louie directed one jeep to head on up & find the abandoned bf & car.


end of part2

Sunday, February 15, 2009

come to where i'm from


there's water & there's earth here. the elemental laws demand that one settles beneath the other & that the other rises up. w/a simple intervention though, say, something like tides or winds, nothing dominates & everything changes.


from above, the island is just a sliver of shifting sand, basically a sandbar, that has forced its way above the waters of the gulf of mexico, corkscrewing its way along the mainland shoreline, an ephemeral place of astonishing natural beauty & ecologies but always---always & forever---transient, changing daily, even hourly.

that humans choose to build their dreams here is, i suppose, no surprise. we're always drawn to the extinguishing flame. the whole concept of 'barrier island' must appeal to the innate human death instinct. it's a natural buffer zone, nature's reflexive response to impending disaster, erroding demands, & insistent & inevitable change.

why not set up shop here?

santa rosa island is aprox 45miles long & no more than 1/2 mile or so wide at its widest(which are man-made extensions anyway). pensacola beach sits on the western side of the island at 30.51 n & 86.16 w. if you follow out our longitude line east, you travel through africa, the middle east, the indian state of bihar & the lower 1/3 of china(sichuan province being one province). "geologists believe santa rosa island was formed some 4000-5000 years ago by quartzite river sediment coming from the appalachian mountains via the choctahatchee river. that sediment accounts for the white sands of island."

louie davis always called bobo on friday nights. i suppose it was to gossip about county politics, who was doing what to whom. bobo always sat in his lz-boy chair, picking his nose enthusiastically & cackling through out the conversation. these conversations always seemed to be deeply satisfying to bobo, like sex.

after one of them, bobo announced that he & i would be going out to the island the next night for some crabbing w/louie & his family. bobo always included " his family" when he was informing dottie about his plans even tho it was irrelevant. mother wouldn't cross over to the island because of her fear of bridges---there were two bridges that connected the mainland w/p'beach & one of those was 3 miles long. she wasn't going anywhere near that island. bobo knew that.



louie was the head deputy sheriff out on p'beach. at the time, that position wasn't a launching pad into county politics. louie lived out there w/his family, so it was more a matter of convenience than anything else that had him out there. he was tangentially related to the actual sheriff of escambia county, bill davis, so having the job was just one of those plums certain people were handed in county politics, esp since no one else wanted it. louie wasn't viewed as a threat so he was given "siberia" to supervise because he lived there. the north end of the county was where cousin bill's opposition originated.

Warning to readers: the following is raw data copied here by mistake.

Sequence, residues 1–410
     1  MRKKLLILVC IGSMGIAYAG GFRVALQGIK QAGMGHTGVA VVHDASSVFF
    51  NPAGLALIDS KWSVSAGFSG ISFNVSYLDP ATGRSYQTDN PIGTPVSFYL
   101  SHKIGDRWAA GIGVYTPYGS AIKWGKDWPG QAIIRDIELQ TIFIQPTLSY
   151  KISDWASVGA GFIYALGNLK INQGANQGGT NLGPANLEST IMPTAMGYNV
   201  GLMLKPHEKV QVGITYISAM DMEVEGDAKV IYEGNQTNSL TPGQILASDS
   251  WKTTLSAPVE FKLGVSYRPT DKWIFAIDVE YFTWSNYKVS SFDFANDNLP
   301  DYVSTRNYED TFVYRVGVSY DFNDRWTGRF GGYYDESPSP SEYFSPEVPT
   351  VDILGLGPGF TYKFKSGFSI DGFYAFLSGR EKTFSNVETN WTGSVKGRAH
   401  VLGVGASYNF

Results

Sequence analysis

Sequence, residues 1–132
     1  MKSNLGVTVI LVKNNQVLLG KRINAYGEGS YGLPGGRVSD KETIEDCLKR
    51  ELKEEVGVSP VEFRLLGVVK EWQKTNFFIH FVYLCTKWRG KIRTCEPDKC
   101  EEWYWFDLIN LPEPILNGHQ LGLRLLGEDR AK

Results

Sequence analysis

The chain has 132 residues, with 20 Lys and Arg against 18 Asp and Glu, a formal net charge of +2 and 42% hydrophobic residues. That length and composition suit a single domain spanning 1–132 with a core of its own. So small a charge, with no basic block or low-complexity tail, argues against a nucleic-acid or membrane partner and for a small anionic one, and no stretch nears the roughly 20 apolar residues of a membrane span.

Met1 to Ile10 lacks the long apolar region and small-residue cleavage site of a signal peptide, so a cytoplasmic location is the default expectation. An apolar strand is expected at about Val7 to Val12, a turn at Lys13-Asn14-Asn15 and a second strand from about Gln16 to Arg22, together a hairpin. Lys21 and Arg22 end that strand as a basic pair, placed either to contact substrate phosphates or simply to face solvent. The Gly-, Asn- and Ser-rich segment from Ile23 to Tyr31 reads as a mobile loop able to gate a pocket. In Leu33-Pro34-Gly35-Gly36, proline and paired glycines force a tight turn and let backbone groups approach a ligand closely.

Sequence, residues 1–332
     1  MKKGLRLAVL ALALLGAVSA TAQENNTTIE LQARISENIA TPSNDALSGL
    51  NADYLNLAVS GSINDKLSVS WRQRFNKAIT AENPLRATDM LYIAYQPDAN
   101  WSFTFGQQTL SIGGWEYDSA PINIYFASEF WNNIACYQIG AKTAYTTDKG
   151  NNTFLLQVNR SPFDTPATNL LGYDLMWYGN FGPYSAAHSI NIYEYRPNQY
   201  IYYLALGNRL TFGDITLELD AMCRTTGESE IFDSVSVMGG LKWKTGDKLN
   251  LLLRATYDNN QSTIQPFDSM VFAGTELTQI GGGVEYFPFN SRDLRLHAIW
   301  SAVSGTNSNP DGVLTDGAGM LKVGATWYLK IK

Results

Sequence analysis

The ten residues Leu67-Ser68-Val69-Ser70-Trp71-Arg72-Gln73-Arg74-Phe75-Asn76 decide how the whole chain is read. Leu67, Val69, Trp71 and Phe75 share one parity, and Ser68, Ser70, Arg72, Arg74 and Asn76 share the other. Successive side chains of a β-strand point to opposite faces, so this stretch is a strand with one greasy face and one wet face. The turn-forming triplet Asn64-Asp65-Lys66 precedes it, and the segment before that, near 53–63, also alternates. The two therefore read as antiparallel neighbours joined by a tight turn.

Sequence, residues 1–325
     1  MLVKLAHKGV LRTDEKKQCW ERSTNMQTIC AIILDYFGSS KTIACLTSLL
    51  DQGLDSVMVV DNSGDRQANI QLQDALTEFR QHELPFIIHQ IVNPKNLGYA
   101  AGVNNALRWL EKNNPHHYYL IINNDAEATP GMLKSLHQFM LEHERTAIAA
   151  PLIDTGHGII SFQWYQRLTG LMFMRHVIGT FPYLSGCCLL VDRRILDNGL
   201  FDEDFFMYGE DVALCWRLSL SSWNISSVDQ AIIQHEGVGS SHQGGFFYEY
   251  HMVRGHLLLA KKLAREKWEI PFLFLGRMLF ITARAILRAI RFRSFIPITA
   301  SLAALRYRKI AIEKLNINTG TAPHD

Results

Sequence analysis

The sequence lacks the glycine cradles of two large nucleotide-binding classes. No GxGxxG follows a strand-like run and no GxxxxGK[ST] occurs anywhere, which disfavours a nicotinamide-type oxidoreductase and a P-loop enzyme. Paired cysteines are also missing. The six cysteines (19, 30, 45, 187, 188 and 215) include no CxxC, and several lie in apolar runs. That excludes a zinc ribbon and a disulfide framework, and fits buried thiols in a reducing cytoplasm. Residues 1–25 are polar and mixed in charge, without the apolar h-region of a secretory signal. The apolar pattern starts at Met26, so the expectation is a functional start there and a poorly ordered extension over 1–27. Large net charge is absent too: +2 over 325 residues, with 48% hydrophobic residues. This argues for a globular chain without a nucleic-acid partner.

there would be two things about this sat night on p'beach that would remain w/me: the feeling of a kind of mindless process, a teeming & insistent multitude, driven by random impulse. the second, quite naturally, would be death. but not the cold fact of non-existence. what came out of this sat night crabbing on p'beach was a feeling of dread, the dread that accompanies any encounter w/death, the dread of being snuffed out randomly, right here & right now. that's quite a lesson plan for a night out crabbing, wouldn't you say? i don't think bobo or louie meant for me to get this lesson, at least not then, at the age of 8yo.


end of part1

valentine dinners




ZUNI VARIATIONS: roasted, pancetta wrapped tomme chesse stuffed, chicken breasts w/arugula salad & garlic croutons & toasted pistachios








W/APOLOGIES TO BUD C: homemade spaghetti & meatballs

Saturday, February 14, 2009

childish thing



wow! is this thing a stinker!

the premise is neither interesting nor new(can anyone say "my own worst enemy"?). there is not a single compelling character & no room to develop the existing duds. the writing is flat, not funny, & w/o the ol' whedon panache. as a consequence, the pacing is leaden & the plot wildly preposterous. the underlying theme of female objectification & identity seems absurd when the screen is filled w/pouty, busty babes in low-cut blouses & skin-tight pants.

"what happened to joss?," ann asked this morning. well. who knows? i imagine several things:
1)unlike the good old days of buffy, i suspect whedon wasn't really on his own here. in other words, i think a lot gets delegated in joss' world these days.